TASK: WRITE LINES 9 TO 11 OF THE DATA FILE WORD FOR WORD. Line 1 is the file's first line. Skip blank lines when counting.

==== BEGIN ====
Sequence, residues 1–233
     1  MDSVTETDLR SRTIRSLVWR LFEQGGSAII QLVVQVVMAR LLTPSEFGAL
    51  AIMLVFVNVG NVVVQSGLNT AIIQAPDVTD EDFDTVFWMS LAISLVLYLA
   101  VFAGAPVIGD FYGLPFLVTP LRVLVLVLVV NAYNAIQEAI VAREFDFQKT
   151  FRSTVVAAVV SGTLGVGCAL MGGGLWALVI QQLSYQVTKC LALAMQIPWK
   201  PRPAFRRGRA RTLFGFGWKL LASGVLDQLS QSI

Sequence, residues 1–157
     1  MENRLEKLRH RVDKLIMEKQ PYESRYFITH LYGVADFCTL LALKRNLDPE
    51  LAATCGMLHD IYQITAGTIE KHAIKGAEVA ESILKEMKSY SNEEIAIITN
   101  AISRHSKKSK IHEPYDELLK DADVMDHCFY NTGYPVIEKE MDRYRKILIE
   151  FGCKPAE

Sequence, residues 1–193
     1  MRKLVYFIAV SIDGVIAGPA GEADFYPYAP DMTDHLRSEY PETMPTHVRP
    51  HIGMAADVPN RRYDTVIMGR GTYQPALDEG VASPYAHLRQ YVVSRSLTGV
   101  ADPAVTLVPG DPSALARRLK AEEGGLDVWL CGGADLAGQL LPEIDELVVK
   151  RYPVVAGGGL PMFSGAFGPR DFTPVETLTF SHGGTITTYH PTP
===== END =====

    51  LAATCGMLHD IYQITAGTIE KHAIKGAEVA ESILKEMKSY SNEEIAIITN
   101  AISRHSKKSK IHEPYDELLK DADVMDHCFY NTGYPVIEKE MDRYRKILIE
   151  FGCKPAE